Samsung Electronics is the world's largest smartphone manufacturer and biggest user of Google's Android operating system.
In the first quarter of 2011 Samsung shipped fewer smartphones than Apple, Nokia or Research in Motion, but is now market leader - has handed it a dilemma. Does Samsung risk becoming a commodity manufacturer of hardware, squeezed like the PC makers of old between narrowing margins and those who control the software that makes their devices run, or does it try to break into other parts of the business - the so-called mobile ecosystem?
Do Samsung really want to be one of the power players or are they happy enabling someone else's ecosystem?
To be sure, Samsung isn't in any kind of trouble, and isn't likely to be so any time soon. Soon this quarter it will launch the Galaxy S3, the latest addition to its flagship range of smartphones. Samsung is to remain the No.1 smartphone manufacturer this quarter as the next iPhone upgrade is expected around the third quarter.
Android has done wonders for them, but still the company has its critics. They worry that Samsung has yet to address the central contradiction of it making devices that use someone else's operating system.
By licensing the free Android OS from Google, Samsung saves itself millions of dollars in software development costs and license fees, but leaves itself dependent on Google.
A similar debate went on at Nokia in the early years of the smartphone. And, Microsoft had shown that whoever owned the operating system could relegate every hardware manufacturer to be a commodity player.
So it's a puzzle to us now, years and years on, to see companies like Samsung continuing to operate within the operating system and ecosystem that other vendors control.
And Samsung, of course, is not alone. Nokia itself has abandoned its own operating system, Symbian, in favour of Microsoft's Windows Phone.
As Google rolls out updates to its operating system, they must first be tested and adapted by manufacturers against their own customizations before being pushed out to the handset. This slows down the update process and means many users are stuck with earlier versions of Android.
Nearly two thirds of Android devices, for example, run Gingerbread, a version of the operating system that was released in late 2010.
This further weakens Samsung's efforts to differentiate its phones beyond merely the look and hardware specifications. Also, smartphones look increasingly similar as they shift from keyboards to touchscreens.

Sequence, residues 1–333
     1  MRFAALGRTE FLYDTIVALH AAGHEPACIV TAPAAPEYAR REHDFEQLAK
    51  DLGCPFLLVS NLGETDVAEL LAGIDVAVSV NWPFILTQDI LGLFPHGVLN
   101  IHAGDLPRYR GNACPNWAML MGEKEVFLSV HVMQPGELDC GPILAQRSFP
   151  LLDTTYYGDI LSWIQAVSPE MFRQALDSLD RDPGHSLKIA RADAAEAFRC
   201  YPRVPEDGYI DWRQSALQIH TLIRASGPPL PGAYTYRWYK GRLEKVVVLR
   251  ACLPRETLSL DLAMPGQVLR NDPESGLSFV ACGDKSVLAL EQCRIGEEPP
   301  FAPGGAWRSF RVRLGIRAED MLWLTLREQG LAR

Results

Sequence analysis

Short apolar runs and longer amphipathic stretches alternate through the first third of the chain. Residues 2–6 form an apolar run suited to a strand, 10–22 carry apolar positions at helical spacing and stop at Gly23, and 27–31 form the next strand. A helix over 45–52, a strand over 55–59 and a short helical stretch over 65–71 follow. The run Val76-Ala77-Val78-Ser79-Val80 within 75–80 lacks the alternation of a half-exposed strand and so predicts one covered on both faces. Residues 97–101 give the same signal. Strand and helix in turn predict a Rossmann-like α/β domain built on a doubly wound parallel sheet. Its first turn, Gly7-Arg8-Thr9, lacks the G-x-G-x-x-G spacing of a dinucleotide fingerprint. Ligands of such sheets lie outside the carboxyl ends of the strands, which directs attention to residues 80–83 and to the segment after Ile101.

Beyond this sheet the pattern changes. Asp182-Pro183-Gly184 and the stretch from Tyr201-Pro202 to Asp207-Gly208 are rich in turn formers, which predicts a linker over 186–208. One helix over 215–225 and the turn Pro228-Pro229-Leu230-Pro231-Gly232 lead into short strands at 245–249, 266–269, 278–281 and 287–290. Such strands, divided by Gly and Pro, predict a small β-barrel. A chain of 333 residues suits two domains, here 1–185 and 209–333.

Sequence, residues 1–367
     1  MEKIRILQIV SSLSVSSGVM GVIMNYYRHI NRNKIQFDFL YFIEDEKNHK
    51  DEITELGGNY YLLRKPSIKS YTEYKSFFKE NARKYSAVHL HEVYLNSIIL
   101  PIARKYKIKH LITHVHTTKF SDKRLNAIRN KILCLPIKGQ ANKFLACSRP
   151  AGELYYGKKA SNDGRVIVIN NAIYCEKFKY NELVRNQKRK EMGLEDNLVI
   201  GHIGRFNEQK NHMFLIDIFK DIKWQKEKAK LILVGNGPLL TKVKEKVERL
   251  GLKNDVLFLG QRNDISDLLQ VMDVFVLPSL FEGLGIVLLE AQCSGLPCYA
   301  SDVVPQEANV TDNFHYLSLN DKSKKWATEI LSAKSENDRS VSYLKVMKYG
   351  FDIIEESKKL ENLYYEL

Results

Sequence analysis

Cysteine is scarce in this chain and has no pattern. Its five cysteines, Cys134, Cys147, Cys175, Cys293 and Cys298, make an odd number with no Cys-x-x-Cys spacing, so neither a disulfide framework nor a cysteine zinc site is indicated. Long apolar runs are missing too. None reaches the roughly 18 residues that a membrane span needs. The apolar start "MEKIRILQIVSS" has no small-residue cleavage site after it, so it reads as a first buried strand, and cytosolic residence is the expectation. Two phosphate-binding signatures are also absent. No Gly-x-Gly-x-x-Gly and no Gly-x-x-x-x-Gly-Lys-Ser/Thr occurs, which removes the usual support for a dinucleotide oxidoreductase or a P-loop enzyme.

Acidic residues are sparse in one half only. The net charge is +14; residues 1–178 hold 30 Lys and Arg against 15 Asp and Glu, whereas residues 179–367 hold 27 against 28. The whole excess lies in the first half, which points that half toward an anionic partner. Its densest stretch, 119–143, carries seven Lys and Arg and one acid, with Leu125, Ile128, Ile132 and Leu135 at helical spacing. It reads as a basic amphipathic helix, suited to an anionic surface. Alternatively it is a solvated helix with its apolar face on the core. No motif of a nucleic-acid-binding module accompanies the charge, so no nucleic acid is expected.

All this creates a conflict of interest between the two players that at some point may burst into the open. While Samsung says it has welcomed Google's purchase of Motorola , a handset maker, because of the U.S. firm's commitment to supporting Android and its partners, it has also taken steps towards some degree of independence.
For example it last year introduced its own Android software store, Samsung Apps, which has about 40,000 apps - a handful compared to Apple's 500,000 for the iPhone and 450,000 for Android. And last month it announced its own mobile advertising service, AdHub Market, apparently competing with Google's own ad distribution network - its main source of revenue.
For bada or worse?
Samsung has an operating system called bada, for example, which was on fewer than 3 percent of the world's smartphones last year, according to Canalys, putting it ahead of Microsoft's Windows Phone. But that's nothing compared to Android.
Samsung plans to introduce more models, but has also said it may roll bada into another operating system called Tizen, and is in any case building an ecosystem that would improve compatibility between the two systems.
However, that while Android was an important part of its strategy, phones running Windows and bada operating systems were equally important.
Samsung is not just a phone maker like HTC so it does have the potential to create platforms which deliver content and web services to TVs, PCs, phones and media players, and connect them.
This is Samsung's competitive advantage, as the world shifts more to web-based technologies like HTML5, which reduce the relevance of individual operating systems and platforms like Apple's iOS and Android. Instead, applications will be more like web pages, which can run on any device.
Samsung has no track record of building a developer ecosystem and even in the web that's going to be a challenge. It may have thought Google would be a solution, but Google is too controlling.
For now, no one denies Samsung's pre-eminence. The zeitgeist right now is definitely towards high-end Android devices of which Samsung is clearly the leader so I don't think there's any instant danger. It's more a case of what Samsung wants to be in five years time and planning towards that.